Three big factors are having a significant effect on established businesses in America today: Retiring or aging “Baby Boomers,” a society that values a college education at the expense of “career preparation” in a balanced social-economic system and disconnected decision-making by politicians (our “representatives”) and corporate leaders. Just look at what’s happening.

The high school dropout rate has soared to 30%. Yet, while these dropouts and a large number of public school students are denied meaningful and appropriate educational preparation, our public school systems are continuing to strongly promote the importance of “college education” for all.

0807_uptime2School teachers of today can’t easily deviate from standardized curriculums in their classes. Federal and state governments base their financial support of schools on student test scores as a determination of the effectiveness of teachers and schools.

The much-heralded No Child Left Behind initiative emphasizes test scores and college preparatory studies. But, if a parent doesn’t reinforce study habits, homework or meaningful class projects, or if teachers aren’t allowed to give homework, or if extra-curricular activities take time away from “education,” what do test scores really show? They truly say “Johnny has not learned…” Consequently, the bureaucrats and politicians seem to believe that “the schools are not doing their job and teachers aren’t teaching!” Pressure is then put on schools and teachers rather than on the real roots of the problem—on parents, societal pressures and the students themselves. As a result, the very system that was intended to advance good education is actually leaving many children behind—behind in careers and behind in life.

As educators we used to be able to recommend that some students were suited for “higher education” and college degree studies and others were better suited for “career preparation” and vocational- technical studies. In many states today, that approach is against policy or even illegal. Students can no longer be “tracked” into one educational path or another. So, what happens to the “noncollege- bound” students? They struggle! What are their options? Do they even know what their options are?

Take the following example of educational dysfunction. Recently, a vocational high school serving an entire county school system in Michigan cut back on some of its traditional vocational programs (welding, auto mechanics) because of teacher shortages, fewer interested students and administrative decisions. One of these administrative decisions was based on the notion that the “automotive industry in Michigan is downsizing so we’ll need fewer mechanics.” Wait a minute!

Will people in Michigan be driving fewer cars and trucks? Will the need for automobile maintenance and repair decline because Michigan is making fewer vehicles? NO! But, that is the type of thought process that disconnects public education from the actual needs of society.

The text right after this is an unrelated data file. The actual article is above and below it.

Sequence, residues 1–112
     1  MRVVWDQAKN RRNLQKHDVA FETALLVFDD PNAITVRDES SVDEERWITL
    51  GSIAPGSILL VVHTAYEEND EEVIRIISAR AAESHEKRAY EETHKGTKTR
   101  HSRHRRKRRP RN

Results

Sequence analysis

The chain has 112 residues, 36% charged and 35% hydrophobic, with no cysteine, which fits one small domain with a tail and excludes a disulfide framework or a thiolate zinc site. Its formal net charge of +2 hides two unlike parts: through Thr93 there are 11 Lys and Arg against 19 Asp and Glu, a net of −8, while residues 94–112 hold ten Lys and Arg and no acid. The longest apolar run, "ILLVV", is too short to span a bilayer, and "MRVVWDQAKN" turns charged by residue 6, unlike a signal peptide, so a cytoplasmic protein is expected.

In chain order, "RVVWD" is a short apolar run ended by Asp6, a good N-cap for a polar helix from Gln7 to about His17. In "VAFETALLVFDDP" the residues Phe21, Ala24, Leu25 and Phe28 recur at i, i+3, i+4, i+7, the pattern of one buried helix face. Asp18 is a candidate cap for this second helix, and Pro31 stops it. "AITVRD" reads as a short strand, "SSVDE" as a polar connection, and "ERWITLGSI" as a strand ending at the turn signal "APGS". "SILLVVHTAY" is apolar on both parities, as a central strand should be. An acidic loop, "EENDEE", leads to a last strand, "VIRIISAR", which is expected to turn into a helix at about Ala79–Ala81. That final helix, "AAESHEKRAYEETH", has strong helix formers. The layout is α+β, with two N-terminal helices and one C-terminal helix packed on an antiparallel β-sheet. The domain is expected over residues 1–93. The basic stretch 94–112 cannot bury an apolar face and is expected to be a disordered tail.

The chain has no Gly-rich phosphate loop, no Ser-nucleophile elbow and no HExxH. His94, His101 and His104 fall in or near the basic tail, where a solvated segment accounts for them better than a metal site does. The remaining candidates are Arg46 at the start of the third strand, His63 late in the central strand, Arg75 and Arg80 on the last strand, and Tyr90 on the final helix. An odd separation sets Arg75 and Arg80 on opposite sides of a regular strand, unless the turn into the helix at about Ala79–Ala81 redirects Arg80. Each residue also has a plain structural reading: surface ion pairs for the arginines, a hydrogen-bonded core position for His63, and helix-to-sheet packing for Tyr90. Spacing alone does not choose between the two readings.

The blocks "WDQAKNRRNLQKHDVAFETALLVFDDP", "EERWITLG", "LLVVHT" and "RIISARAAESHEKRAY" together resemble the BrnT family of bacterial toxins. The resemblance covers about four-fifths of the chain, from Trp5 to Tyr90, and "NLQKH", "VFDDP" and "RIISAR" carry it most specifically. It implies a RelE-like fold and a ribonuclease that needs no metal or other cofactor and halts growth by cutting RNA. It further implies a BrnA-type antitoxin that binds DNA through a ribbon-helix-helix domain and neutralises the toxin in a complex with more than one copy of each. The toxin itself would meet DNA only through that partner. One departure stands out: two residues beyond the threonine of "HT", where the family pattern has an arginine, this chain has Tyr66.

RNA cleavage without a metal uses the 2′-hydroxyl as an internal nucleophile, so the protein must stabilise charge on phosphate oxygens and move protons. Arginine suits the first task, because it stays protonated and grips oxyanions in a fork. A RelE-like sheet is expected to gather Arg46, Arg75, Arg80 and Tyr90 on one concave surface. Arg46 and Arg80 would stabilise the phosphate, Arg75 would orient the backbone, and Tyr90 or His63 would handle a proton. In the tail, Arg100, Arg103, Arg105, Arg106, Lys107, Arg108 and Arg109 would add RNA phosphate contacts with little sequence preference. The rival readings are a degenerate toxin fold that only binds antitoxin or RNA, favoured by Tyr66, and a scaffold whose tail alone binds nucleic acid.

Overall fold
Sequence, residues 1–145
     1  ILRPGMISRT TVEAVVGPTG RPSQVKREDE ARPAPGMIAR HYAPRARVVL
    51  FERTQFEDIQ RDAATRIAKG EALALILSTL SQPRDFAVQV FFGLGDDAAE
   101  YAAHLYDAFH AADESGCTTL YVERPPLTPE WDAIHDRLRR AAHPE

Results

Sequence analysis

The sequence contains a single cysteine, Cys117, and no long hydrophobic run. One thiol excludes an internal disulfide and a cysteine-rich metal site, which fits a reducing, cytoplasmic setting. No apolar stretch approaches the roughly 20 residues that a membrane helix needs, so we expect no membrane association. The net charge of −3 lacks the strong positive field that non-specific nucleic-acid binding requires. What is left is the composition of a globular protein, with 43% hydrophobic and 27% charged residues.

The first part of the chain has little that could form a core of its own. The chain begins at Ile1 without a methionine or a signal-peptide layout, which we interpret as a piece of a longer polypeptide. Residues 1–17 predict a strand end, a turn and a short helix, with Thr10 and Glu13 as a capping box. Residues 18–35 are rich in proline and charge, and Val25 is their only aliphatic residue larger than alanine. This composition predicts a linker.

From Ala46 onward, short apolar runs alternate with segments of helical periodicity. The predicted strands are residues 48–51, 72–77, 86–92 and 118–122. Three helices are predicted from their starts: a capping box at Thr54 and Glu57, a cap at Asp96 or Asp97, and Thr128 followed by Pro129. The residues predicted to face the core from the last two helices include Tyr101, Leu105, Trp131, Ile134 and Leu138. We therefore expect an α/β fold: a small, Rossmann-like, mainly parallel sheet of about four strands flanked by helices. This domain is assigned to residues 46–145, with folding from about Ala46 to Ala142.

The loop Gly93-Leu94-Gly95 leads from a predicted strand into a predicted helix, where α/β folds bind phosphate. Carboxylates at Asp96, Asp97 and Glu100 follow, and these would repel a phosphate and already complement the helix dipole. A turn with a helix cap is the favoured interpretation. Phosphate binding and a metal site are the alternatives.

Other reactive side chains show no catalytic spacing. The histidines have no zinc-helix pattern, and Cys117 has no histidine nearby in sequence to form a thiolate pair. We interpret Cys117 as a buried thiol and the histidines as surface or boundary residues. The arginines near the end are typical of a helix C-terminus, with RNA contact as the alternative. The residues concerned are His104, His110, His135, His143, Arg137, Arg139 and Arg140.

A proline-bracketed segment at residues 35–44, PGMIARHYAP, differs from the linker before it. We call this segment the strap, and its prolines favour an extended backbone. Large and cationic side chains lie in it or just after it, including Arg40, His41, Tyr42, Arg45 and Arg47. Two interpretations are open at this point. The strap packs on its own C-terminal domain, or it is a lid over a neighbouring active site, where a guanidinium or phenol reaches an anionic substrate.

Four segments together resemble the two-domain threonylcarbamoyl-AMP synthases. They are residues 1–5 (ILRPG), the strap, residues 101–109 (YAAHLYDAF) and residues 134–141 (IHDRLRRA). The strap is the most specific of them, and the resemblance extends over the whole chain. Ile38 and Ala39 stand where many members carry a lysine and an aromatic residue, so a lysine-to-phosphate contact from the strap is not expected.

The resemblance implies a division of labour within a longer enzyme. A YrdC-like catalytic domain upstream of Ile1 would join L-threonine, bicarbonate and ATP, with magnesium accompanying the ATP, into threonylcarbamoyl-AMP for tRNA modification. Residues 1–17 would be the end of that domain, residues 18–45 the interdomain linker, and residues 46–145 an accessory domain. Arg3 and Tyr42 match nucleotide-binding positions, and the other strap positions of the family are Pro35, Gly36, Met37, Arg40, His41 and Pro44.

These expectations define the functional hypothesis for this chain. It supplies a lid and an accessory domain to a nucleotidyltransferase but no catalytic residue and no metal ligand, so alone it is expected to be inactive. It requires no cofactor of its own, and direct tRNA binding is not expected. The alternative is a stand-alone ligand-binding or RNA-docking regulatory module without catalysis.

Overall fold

Big corporations also make changes that affect how things get done without considering or getting the buy-in from the people closest to what is being changed. Corporate decision-makers need to realize that the very wealth they hope to create is generated on the plant floors and not in the board rooms. Executives who think and plan in a vacuum often fail to develop the types of comprehensive strategies that allow them to obtain the results they desire. A strategy that does not engage the people closest to wealth-generating mechanisms and fails to gain their understanding and buy-in can be a prescription for disaster.

Many of our country’s decisions (i.e., laws and regulations) are made for political gain, often based on speculation rather than on comprehensive fact-based prescriptions for our Nation’s interest. Preparation for a “college education” is not the only answer for American competitiveness. Measuring a student’s progress through testing is not solely a function of teaching and curriculum effectiveness. Parent and family values play a key role too. That’s a fundamental part of the learning process.

What do we want?
You better believe it. I want America back! We need to take our country back from the disconnected decision-makers, policy-makers and self-serving politicians who are not looking out for our future life style and our national competitiveness.

I want school teachers, counselors and administrators to listen and respond to the needs of the communities they serve, not the politicians holding the purse strings. I want fair and balanced “career education” provided to school students beginning in the sixth grade. I want parents to realize that their future lifestyles, healthcare and social security, among other things, depend on the abilities of their children as meaningful and productive members of our society.

I want Johnny and Sally to learn that a vocational program can lead to secure and rewarding careers and that a one- or two-year post secondary vocational-technical is “college” too. I want employers to spend time with their local schools and boards of education to let them know what is required to be employed in their businesses. I want companies to offer field trips and tours of their workplaces not only to students but also to teachers, counselors and administrators.

I want America to continue to be the most productive nation in the world with a life style that commands respect. But, of course, that’s just me. That’s what I want.

What do YOU want and what are you willing to do about it?